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Members of the FOMC believe that the growth of the world trade and the US economy is generally affected by the changes in fiscal situation of the US.
Among the significant factors they deliberate on include the fiscal policy, employment, and general growth of the economy. This reflective treatise attempts to explicitly review the economic issues discussed by the FOMC on 28th January, 2014.
The FOMC Meeting
From the previous meeting, issues of the governance of the US financial institutions and their mandates in the management of the economy took pivotal role in the fiscal policy discussions.
As of 28th January 2014, the FOMC suggested that the Federal Reserve agency should oversee the US financial system to ensure its effective operation and oversee compliance with the fund (Federal Open Market Committee, par. 6).
Although this mandate has been changed to encompass current financial situation, it has been opposed by the shareholders who have large quotas, and those who control the governance structure of the fund.
The committee members believe that the mandate of the Federal Reserve institution needs to be expanded from its main functions in exchange rates and balance of payment controls to the real economy and actual issues that will ensure global financial stability of the US economy.
As noted by the committee, a few relevant lessons from the recent financial crisis are related to the fact that the real and monetary financial element of the US economy is not separable to the levels of the imagination of the current orthodoxy of the rational expectations (Federal Open Market Committee, par. 8).
Initial orthodoxy which dictated that financial markets get self-stabilized resulted in a rather realistic appraisal of negative spillovers and unstable properties. Subsequently, the objective of ensuring financial stability is deemed to be important for both the US economy and individual nations.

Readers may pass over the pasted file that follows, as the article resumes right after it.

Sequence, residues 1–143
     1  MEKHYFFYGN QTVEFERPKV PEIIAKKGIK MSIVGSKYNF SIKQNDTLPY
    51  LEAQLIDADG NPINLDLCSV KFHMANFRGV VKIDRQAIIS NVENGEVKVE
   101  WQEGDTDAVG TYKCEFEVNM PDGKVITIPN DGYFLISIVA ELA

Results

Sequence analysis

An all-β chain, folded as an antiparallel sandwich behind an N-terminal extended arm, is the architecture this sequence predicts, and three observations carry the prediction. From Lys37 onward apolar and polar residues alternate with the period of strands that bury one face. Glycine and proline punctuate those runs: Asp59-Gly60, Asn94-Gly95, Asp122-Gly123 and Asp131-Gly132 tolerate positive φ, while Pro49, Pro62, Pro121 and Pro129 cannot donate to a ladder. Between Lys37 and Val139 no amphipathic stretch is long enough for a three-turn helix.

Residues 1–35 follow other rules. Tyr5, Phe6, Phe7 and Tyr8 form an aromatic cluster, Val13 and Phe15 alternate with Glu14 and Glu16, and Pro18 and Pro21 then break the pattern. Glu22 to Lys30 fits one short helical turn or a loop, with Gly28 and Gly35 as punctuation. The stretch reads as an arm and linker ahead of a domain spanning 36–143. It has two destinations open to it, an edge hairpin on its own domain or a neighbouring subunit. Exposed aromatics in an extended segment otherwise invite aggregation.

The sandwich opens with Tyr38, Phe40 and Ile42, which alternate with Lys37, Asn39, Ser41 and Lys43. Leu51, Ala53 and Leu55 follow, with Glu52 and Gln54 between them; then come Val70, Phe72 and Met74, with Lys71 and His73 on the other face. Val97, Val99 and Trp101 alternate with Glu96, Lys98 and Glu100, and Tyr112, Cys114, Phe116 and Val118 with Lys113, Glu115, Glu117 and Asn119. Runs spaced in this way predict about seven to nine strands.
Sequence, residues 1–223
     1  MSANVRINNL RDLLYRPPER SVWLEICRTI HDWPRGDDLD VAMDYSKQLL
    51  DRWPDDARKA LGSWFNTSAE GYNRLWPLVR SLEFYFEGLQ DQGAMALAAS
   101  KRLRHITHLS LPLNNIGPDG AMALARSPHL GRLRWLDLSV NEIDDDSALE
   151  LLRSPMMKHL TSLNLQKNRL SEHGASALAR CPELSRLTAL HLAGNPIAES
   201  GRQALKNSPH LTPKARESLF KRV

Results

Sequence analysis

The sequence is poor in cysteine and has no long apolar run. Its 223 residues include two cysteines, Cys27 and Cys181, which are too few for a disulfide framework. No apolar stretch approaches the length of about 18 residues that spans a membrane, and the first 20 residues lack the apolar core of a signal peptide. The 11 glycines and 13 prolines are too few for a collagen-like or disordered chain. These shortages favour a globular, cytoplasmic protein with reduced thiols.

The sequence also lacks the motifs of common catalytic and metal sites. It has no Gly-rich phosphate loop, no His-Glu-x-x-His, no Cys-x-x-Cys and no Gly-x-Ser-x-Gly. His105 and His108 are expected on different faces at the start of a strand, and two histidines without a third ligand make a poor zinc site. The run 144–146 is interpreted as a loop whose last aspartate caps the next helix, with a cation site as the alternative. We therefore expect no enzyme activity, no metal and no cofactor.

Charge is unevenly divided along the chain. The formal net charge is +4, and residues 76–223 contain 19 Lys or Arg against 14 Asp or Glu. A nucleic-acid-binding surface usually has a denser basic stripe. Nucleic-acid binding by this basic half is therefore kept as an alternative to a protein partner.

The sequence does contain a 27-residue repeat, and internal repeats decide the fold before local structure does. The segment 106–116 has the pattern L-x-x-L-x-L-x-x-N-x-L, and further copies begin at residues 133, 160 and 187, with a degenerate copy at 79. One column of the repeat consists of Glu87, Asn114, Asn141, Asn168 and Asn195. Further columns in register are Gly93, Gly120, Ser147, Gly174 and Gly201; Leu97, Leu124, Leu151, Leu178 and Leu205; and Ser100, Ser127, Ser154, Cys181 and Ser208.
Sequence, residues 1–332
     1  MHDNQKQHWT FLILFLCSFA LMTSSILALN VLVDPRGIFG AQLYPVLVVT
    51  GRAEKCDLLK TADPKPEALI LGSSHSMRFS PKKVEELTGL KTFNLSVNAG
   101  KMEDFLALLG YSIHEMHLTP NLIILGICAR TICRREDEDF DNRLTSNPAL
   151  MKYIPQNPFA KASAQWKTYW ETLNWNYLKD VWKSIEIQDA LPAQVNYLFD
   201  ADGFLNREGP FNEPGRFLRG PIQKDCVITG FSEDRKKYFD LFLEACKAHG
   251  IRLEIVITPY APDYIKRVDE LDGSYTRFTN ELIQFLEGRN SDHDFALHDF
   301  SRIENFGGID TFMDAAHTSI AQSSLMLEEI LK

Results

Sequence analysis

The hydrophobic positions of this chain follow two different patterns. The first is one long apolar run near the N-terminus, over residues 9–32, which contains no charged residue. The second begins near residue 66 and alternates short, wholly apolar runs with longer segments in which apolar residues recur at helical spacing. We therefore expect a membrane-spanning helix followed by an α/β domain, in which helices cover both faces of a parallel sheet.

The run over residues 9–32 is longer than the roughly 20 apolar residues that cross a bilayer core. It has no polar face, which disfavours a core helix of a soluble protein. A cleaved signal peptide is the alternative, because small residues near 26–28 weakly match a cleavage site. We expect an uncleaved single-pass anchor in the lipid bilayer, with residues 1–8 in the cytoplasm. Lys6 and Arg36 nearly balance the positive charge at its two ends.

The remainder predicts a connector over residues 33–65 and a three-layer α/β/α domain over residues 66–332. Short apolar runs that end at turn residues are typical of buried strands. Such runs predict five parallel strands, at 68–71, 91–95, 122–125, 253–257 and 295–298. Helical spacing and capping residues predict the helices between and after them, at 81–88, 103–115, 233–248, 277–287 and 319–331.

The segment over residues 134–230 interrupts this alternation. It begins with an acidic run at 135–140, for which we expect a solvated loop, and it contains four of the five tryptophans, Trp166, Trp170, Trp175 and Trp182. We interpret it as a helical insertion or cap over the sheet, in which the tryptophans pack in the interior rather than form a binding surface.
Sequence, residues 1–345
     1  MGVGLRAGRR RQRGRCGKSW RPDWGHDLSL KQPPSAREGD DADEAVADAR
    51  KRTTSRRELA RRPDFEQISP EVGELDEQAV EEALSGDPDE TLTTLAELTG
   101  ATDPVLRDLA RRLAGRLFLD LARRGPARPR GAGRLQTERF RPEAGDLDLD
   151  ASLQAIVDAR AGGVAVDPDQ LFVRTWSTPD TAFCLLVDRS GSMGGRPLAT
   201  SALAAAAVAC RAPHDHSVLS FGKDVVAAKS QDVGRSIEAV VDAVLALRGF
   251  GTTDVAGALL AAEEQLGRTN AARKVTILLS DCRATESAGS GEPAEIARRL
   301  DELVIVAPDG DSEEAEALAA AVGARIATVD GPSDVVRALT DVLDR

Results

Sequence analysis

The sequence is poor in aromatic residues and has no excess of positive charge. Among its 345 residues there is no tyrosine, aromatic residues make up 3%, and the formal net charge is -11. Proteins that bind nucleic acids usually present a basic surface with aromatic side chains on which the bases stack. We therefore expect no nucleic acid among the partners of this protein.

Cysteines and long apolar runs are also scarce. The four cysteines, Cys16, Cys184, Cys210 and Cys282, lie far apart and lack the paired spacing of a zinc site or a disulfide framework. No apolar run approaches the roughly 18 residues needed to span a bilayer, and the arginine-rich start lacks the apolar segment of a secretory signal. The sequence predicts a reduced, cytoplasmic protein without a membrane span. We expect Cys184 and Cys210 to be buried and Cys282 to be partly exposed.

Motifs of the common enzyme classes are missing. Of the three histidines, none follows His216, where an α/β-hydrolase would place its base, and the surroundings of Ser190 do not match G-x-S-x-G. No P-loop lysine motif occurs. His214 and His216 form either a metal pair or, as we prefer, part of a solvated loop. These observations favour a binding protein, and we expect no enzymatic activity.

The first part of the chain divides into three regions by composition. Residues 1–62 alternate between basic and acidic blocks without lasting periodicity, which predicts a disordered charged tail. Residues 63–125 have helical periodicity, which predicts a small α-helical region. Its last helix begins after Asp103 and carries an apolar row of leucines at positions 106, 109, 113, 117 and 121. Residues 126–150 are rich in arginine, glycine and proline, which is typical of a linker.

The FMOC proposed several policies that can be put in place to mitigate the increasing inflation rates and unemployment in the US economy. A number of ‘contractionary’ fiscal and the monetary policies were suggested as significant towards controlling inflation.
Some of the fiscal policies entail reducing disposable income by increasing direct taxes, reducing government taxes as well as the amount of government borrowing. These fiscal policies if implemented will reduce the aggregate demand in the US economy.
This will cause the price level to decline, hence resulting in a reduction in the rate of inflation (Federal Open Market Committee, par. 7).
However, the committee noted that this cannot be used to predict unemployment since different causes of market volatility have different effects on other variables rather than unemployment only to focus the growth rate.
The US’s strong dollar policy functions was also discussed on the postulation that a stronger dollar exchange rate is beneficial in short and long term interest of the American economy.
Reflectively, strong dollar policy is pushed through a continuous system that encourages foreign holders of the bonds to purchase supplementary treasury securities.
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Moreover, the strong dollar strategy functions to lower the inflation, increase foreign investment and eventually keep the strategic role of the US dollar in the global financial arena (Federal Open Market Committee, par. 6).
In addition, the FMOC committee reviewed the effectiveness of the interest rate parity condition of the US economy as a non arbitrage condition that represents the equilibrium state at the point in which investors in that market will show indifference to the rates of interest that are available on federal reserve deposits.
They proposed a hybrid system to minimize the interferences that the government might have on the US market economy (Federal Open Market Committee, par. 9).
Federal Open Market Committee. Meeting calendars, statements, and minutes (2008- 2014). 28 Jan. 2014. Web. <https://www.federalreserve.gov/monetarypolicy/fomccalendars.htm#20363>